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Old 17th Dec 2019, 05:52
  #61 (permalink)  
Join Date: May 2019
Location: Sydney
Posts: 69
Originally Posted by chuboy View Post
I'll ignore the pot shot. On the contrary, there's plenty of evidence in dozens of economics textbooks. A first-year economics student would be able to predict what we have seen the Australian economy do in the last few years. Quarter after quarter we have seen reductions or stays on the interest rate, with no improvement to consumer confidence or retail spending. Harris Scarfe is the latest of many big names to go bust in the last year, unable to stay cash positive even through the busiest period of the year for retail sales. If that isn't enough to tell you that people aren't spending the money they have, then I don't know what will. With wage growth at miserly levels, inflation similar, and GDP growth per capita declining, as a country we are technically going backwards except that we are propping things up with immigration. Until that changes I can't see people suddenly deciding to go ahead with that renovation or business expansion.

If you want to avoid recession, you need to stimulate the economy - no different to paying for ads when sales are down even though your cashflow is hurting. Now is the time to be subsidising growth into new industries, stimulus packages for households (which worked during the GFC to protect Australia from recession at a time when the rest of the OECD succumbed), pressing ahead with infrastructure projects, etc. Not tightening the purse strings for the sake of saying you're paying down debt. Not all debt is bad - if people and corporations never went into debt we'd be a very poor country indeed. Even the USA's messiah Donald Trump has doubled down and increased US debt by $9 trillion, their economy is doing quite well despite the impact of his showboating and tariffs - how do the superior economic managers in the Coalition explain that?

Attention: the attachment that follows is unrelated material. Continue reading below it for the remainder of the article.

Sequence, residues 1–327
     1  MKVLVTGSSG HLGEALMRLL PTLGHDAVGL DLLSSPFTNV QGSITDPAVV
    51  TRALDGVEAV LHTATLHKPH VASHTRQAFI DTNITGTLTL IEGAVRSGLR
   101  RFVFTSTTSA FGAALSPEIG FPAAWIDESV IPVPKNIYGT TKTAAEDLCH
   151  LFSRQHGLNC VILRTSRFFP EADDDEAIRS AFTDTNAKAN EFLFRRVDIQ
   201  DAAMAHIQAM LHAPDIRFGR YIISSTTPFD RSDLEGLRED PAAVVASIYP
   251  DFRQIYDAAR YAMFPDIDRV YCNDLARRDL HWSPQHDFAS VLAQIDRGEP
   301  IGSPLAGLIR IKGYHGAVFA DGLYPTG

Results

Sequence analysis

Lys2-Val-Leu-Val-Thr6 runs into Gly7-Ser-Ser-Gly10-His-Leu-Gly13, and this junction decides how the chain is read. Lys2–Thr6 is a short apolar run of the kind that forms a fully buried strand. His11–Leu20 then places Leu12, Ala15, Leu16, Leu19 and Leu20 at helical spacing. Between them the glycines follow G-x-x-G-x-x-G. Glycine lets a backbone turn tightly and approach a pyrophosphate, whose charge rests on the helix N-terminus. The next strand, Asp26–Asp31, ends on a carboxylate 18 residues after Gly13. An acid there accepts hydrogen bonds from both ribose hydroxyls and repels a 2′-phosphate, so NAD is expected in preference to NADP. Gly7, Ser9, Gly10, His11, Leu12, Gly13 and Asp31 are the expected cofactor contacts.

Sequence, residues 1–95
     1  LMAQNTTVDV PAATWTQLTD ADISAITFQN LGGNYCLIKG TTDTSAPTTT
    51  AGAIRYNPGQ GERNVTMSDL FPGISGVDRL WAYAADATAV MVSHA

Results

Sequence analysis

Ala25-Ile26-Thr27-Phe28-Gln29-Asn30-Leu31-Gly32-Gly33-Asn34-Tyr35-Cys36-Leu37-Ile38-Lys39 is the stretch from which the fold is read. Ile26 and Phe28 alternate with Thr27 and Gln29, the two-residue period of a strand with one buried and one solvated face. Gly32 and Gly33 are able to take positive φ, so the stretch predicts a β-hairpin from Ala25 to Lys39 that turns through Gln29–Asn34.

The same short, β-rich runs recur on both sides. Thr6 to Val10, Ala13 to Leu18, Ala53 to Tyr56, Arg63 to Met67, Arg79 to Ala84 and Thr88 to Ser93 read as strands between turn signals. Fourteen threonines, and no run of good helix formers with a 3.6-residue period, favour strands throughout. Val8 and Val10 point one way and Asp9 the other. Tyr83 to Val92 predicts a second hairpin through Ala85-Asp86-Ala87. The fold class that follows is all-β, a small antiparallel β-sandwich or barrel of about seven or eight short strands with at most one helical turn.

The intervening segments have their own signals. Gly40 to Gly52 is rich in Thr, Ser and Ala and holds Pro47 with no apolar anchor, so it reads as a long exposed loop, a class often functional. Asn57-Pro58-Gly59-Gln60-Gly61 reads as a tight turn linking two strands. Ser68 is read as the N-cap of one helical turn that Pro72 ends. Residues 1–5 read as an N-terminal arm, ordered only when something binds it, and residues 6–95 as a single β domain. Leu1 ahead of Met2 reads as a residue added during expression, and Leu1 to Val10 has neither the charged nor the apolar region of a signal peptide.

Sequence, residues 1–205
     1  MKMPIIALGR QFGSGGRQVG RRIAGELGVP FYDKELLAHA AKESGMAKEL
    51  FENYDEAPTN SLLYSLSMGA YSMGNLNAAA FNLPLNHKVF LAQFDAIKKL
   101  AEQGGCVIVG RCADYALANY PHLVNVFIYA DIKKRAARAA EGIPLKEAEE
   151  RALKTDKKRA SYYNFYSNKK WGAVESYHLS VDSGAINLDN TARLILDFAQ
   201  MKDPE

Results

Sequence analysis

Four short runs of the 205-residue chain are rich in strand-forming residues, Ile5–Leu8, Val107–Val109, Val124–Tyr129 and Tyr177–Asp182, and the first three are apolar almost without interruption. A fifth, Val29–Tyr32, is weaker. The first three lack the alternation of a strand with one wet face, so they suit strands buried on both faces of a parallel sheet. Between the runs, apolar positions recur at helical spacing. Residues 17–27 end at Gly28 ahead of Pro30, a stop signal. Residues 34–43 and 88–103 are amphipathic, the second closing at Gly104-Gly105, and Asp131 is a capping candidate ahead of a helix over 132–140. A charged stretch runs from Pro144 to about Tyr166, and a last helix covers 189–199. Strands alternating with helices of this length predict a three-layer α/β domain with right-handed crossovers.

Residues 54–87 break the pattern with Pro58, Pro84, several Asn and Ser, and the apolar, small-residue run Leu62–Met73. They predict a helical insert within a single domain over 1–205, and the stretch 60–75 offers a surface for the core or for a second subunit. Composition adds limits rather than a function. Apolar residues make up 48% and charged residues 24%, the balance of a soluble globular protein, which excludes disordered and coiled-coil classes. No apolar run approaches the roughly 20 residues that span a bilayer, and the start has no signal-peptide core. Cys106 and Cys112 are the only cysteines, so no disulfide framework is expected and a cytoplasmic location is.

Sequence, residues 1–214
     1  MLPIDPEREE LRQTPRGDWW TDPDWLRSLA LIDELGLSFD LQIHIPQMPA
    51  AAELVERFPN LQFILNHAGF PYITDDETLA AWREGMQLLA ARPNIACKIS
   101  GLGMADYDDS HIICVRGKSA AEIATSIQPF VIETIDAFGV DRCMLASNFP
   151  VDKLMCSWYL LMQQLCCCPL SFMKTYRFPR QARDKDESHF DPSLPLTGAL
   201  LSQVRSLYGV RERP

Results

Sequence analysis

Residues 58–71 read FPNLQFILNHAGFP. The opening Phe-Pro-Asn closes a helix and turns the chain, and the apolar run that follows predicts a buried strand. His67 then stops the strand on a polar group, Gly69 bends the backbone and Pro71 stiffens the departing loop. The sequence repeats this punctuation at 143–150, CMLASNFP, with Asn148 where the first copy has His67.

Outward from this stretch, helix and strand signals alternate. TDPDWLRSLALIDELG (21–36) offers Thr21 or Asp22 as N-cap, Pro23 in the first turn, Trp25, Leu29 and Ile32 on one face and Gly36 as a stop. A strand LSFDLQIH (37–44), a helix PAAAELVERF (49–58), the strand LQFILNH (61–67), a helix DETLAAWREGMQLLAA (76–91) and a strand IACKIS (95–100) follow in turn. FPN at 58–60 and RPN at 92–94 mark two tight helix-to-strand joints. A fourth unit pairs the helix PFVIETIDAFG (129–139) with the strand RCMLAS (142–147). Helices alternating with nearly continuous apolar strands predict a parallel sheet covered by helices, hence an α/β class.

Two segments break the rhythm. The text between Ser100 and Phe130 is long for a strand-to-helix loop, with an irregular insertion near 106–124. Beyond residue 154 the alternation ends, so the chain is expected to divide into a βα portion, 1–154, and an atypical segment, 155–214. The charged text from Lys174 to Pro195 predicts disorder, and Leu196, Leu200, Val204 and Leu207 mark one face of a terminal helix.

No, donít ignore the potshot. By the convoluted reasoning in your original post, both major parties are incompetent (the Greens must therefore be the answer), anyone who bought a house 10 years ago is now rich (millions would disagree), and the only sensible solution is to stimulate the economy by giving money to cashed-up inner city renters (not the bogans out in the Ďburbs).

But youíre not a cashed-up inner city renter and Green voter, no sir, and if you are, then thatís purely a coincidence.
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